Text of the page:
Antibiotics Allergy Screen

Testing for Allergies:

Ampicillin, Amoxicillin, Cefaclor, Pen G, Pen V



Most antibiotic allergies can be treated with antihistamines, but severe allergies can be life-threatening, which is why testing to see if you are allergic can be so vital.


What is an antibiotic allergy?

Your body mistakenly treats the antibiotic as a threat and releases antibodies in response.

How do I know whether I have an antibiotic allergy, or a side effect?

Most antibiotic side effects affect the digestive system. Most antibiotic allergies do not, although there is some overlap, which is why you need testing.

What are the symptoms?

Mild to moderate symptoms include wheezing, coughing, shortness of breath and itchy skin. Severe symptoms can include anaphylaxis, which can be life threatening.

How do I get tested?

Book a simple blood test now.

Did You Know?

Allergic reactions to antibiotics may affect up to 1 in 15 people in the UK.

Which antibiotic allergy?

You have probably heard about the challenge faced by the medical profession in finding new antibiotics. Antibiotics treat bacterial infections (not viral ones). But continued use has meant that a growing number of bacterial strains are developing immunity to existing antibiotics.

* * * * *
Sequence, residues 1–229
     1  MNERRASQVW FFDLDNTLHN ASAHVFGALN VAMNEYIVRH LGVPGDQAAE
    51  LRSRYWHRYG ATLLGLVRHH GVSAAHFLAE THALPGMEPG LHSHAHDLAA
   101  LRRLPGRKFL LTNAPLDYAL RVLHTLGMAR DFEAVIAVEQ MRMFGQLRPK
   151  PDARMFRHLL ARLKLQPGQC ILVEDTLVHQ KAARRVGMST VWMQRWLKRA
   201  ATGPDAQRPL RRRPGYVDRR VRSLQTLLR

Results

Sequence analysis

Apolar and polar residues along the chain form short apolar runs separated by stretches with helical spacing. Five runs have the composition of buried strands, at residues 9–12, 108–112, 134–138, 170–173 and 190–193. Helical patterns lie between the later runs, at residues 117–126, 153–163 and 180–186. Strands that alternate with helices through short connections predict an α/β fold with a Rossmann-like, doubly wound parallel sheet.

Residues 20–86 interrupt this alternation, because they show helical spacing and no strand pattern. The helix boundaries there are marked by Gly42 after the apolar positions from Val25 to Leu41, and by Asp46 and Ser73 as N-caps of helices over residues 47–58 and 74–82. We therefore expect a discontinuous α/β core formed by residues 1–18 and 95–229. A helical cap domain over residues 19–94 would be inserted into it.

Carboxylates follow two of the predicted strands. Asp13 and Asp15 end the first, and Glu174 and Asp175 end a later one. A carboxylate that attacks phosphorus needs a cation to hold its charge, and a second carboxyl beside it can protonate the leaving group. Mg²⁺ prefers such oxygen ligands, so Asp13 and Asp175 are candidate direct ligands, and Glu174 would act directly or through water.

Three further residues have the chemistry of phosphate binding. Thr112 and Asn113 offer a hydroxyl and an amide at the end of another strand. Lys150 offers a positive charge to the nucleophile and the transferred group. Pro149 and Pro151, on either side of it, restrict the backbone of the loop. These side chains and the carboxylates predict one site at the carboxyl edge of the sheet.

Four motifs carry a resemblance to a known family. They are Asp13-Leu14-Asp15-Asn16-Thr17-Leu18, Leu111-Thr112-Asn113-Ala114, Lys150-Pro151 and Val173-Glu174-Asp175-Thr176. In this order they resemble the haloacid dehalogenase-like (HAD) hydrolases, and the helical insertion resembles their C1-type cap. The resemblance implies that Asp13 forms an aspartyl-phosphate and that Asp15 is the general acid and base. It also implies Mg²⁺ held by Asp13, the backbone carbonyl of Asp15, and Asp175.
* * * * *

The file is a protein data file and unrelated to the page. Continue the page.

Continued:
This means that an antibiotic allergy could be a significant issue should you require treatment. Antibiotics can treat a wide range of conditions, from acne to pneumonia. But when your choice of effective antibiotics is becoming more restricted, an allergy can complicate things further.

That is why testing can be so vital.

Most people know of at least one form of antibiotic (such as penicillin), but there are several ‘types’ of antibiotic, broadly grouped into six categories. Testing can identify which antibiotics you are safe to take.

Allergic reaction or side effect?

It is very common to find people who believe they are allergic to antibiotics. Yet often, what they believe is an allergic reaction is a side effect of the drug. Side effects of antibiotics can be unpleasant, but they tend to affect the digestive system, causing stomach cramps, nausea, vomiting and diarrhoea.

In contrast, an antibiotic allergy tends to trigger a different set of reactions (see below) although there can be some overlap, which is why testing is vital to know for sure which condition you have.

What are the symptoms of an antibiotic allergy?

Antibiotic allergy symptoms can include:

  • Itchy mouth, throat and ears
  • Persistent coughing or wheezing
  • A raised, red, itchy rash anywhere on the body (hives)
  • Breathing difficulties

The most severe reaction to an antibiotic allergy, anaphylaxis, can be life threatening. If the symptoms above lead to shortness of breath, a rapid heartbeat, faintness and clammy skin, dial 999.

How do I get tested?

Better2Know offers a simple blood test designed to check for a range of antibiotic allergies, including:

  • Ampicillin
  • Amoxicillin
  • Cefaclor
  • Pen G
  • Pen V

To book your test, contact Better2Know now on the number above.